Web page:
God has always expected and demanded perfection. He has always required that His people be holy, just as He is holy. There is no lower standard. God doesn’t take a look at mankind, recognize their inability to live up to His expectations, then lower the bar so more people can qualify. Later on, in this very same message, Jesus will reveal “You can enter God’s Kingdom only through the narrow gate. The highway to hell is broad, and its gate is wide for the many who choose that way. But the gateway to life is very narrow and the road is difficult, and only a few ever find it” (Matthew 7:13-14 NLT). God’s way is not the easy way. The kind of righteousness He demands and expects is not easy to achieve. It’s impossible. The life of holiness He requires of those who would be His children is measured by His own holiness. It is a holiness and righteousness that is far superior to anything the Pharisees or teachers of religious law could ever hope to produce.

Holiness and godly perfection are high standards indeed. And they are impossible to produce in the flesh. You can’t manufacture what God is demanding. You can’t be like God without the help of God. The apostle Paul wrote to the believers in Corinth and reminded them:

Don’t team up with those who are unbelievers. How can righteousness be a partner with wickedness? How can light live with darkness? What harmony can there be between Christ and the devil? How can a believer be a partner with an unbeliever? And what union can there be between God’s temple and idols? For we are the temple of the living God. As God said:

“I will live in them
    and walk among them.
I will be their God,
    and they will be my people.
Therefore, come out from among unbelievers,
    and separate yourselves from them, says the Lord.
Don’t touch their filthy things,
    and I will welcome you.
And I will be your Father,
    and you will be my sons and daughters,
    says the Lord Almighty.” – 2 Corinthians 6:14-18 NLT

Then he follows this up with the logical conclusion or application.

Because we have these promises, dear friends, let us cleanse ourselves from everything that can defile our body or spirit. And let us work toward complete holiness because we fear God. – 2 Corinthians 7:1 NLT

You see, there is an expectation of separation. We are to love differently and distinctively from those around us. Part of how our holiness should manifest itself is in the alternative way of living that we model. As God’s children, we have a capacity to live differently than all those around us. We have the ability to live truly righteous lives because we have received the righteousness of Christ. We have the Spirit of God living within us and empowering us to live like Christ. We have a high standard to live up to: Jesus Christ Himself. He is the model of righteousness we are to emulate. Not scribes, Pharisees, rabbis, pastors, teachers, evangelists, parents, or friends. That is, unless they are modeling their lives after Christ. Paul put it this way: “And you should imitate me, just as I imitate Christ” (1 Corinthians 11:1 NLT).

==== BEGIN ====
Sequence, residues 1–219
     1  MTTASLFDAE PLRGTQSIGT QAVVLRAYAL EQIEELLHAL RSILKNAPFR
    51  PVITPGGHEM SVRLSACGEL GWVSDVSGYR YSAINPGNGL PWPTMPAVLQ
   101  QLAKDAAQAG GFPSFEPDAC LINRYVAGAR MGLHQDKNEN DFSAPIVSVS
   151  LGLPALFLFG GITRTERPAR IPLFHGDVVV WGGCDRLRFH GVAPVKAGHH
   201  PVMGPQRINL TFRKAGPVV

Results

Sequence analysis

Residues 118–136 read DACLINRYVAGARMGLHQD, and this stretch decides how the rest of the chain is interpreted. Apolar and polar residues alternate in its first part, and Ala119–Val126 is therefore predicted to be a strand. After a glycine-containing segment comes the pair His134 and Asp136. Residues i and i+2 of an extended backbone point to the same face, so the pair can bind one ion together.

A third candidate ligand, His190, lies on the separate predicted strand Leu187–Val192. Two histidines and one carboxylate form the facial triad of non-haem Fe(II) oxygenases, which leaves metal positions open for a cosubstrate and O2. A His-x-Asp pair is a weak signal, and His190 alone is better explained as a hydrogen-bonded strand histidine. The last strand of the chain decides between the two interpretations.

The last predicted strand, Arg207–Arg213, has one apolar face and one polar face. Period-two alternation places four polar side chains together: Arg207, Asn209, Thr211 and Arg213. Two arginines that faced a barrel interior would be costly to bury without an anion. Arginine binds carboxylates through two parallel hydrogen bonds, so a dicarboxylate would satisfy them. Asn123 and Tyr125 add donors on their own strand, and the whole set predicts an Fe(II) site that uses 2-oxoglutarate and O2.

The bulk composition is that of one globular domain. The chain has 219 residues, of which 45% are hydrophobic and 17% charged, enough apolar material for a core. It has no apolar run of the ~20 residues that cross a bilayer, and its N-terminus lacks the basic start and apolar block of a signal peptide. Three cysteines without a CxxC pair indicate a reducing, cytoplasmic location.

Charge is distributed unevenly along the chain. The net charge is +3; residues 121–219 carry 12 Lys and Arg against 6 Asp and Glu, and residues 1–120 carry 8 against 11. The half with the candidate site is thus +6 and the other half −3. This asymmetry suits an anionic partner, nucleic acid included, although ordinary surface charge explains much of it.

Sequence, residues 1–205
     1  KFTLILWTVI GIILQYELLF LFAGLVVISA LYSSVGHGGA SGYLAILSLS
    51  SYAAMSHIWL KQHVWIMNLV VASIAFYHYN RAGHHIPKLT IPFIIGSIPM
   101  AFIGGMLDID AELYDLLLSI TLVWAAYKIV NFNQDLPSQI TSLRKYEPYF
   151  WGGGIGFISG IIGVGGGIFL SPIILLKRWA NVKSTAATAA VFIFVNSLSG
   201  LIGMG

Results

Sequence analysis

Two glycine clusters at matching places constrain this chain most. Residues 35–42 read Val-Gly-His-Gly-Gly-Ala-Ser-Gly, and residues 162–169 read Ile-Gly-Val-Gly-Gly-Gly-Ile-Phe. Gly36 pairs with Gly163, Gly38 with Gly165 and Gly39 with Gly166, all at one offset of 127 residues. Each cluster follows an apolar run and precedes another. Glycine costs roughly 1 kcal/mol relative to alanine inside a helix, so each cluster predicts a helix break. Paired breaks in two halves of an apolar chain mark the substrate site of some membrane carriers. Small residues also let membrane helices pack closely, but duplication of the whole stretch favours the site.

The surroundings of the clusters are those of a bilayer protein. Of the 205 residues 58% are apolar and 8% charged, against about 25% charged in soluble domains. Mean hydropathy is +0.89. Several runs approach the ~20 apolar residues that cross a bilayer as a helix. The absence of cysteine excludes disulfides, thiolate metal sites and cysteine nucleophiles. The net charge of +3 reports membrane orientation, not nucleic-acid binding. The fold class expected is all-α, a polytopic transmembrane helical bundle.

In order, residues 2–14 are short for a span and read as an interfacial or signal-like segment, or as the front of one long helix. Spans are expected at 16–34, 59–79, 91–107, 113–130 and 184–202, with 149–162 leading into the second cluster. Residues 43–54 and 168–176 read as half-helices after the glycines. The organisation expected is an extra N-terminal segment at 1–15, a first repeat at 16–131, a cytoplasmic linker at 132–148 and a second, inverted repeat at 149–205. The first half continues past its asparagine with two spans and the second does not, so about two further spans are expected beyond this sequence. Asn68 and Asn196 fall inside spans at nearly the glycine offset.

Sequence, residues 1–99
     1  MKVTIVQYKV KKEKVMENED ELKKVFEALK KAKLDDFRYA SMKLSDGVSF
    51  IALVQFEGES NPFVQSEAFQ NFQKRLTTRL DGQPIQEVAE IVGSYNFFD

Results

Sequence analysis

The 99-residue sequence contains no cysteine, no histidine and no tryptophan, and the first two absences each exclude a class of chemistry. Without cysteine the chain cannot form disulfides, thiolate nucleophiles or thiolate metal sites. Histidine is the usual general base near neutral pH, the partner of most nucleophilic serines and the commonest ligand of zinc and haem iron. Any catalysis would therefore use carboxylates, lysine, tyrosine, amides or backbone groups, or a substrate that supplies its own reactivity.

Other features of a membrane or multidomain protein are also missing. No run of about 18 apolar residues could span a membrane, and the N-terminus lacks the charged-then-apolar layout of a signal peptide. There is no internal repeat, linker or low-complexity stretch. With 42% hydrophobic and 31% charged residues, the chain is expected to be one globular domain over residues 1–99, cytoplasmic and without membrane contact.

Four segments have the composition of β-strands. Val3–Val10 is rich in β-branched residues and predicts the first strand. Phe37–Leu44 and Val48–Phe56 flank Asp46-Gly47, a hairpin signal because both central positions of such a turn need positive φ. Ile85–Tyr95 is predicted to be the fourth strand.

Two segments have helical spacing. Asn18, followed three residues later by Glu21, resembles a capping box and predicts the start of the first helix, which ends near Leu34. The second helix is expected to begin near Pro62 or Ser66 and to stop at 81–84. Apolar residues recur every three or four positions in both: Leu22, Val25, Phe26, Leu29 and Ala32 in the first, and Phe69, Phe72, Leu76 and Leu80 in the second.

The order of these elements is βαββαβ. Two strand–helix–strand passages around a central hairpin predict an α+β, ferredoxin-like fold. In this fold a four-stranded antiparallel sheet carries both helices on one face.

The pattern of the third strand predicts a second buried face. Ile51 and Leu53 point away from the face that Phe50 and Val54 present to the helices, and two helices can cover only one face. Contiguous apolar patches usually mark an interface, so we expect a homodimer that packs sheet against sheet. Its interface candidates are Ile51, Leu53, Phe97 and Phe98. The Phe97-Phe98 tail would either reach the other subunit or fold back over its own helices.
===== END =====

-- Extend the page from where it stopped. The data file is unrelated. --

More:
So, when Jesus said to the crowd seated on the hillside that day, “You therefore must be perfect, as your heavenly Father is perfect”, He wasn’t presenting anything new.  He was simply reminding them that God’s standard had not changed. He had not lowered the bar. Human alterations and addendums to God’s laws might make them easier to live up to, but they couldn’t produce the kind of righteousness God was expecting. That’s why, as Paul reminds us, God did for us what the law could never have done.

The law of Moses was unable to save us because of the weakness of our sinful nature. So God did what the law could not do. He sent his own Son in a body like the bodies we sinners have. And in that body God declared an end to sin’s control over us by giving his Son as a sacrifice for our sins. He did this so that the just requirement of the law would be fully satisfied for us, who no longer follow our sinful nature but instead follow the Spirit. – Romans 8:3-4 NLT

Holiness and perfection are not impossible, unless we try to produce them on our own. God never intended the law to be lived up to. It presented God’s divine criteria for holiness. It made painfully clear what God demanded in the way of behavior from mankind. But in the end, it was intended to reveal our sin and our need for outside help, what Martin Luther referred to as “alien righteousness” – an righteousness outside of ourselves.

God has united you with Christ Jesus. For our benefit God made him to be wisdom itself. Christ made us right with God; he made us pure and holy, and he freed us from sin. Therefore, as the Scriptures say, “If you want to boast, boast only about the Lord.” – 1 Corinthians 1:30-31 NLT

English Standard Version (ESV)
The Holy Bible, English Standard Version. ESV® Permanent Text Edition® (2016). Copyright © 2001 by Crossway Bibles, a publishing ministry of Good News Publishers.

New Living Translation (NLT)
Holy Bible, New Living Translation, copyright © 1996, 2004, 2015 by Tyndale House Foundation. Used by permission of Tyndale House Publishers Inc., Carol Stream, Illinois 60188. All rights reserved.

The Message (MSG)Copyright © 1993, 1994, 1995, 1996, 2000, 2001, 2002 by Eugene H. Peterson
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Follow the Servant-Leader.

Be imitators of me, as I am of Christ. – 1 Corinthians 11:1 ESV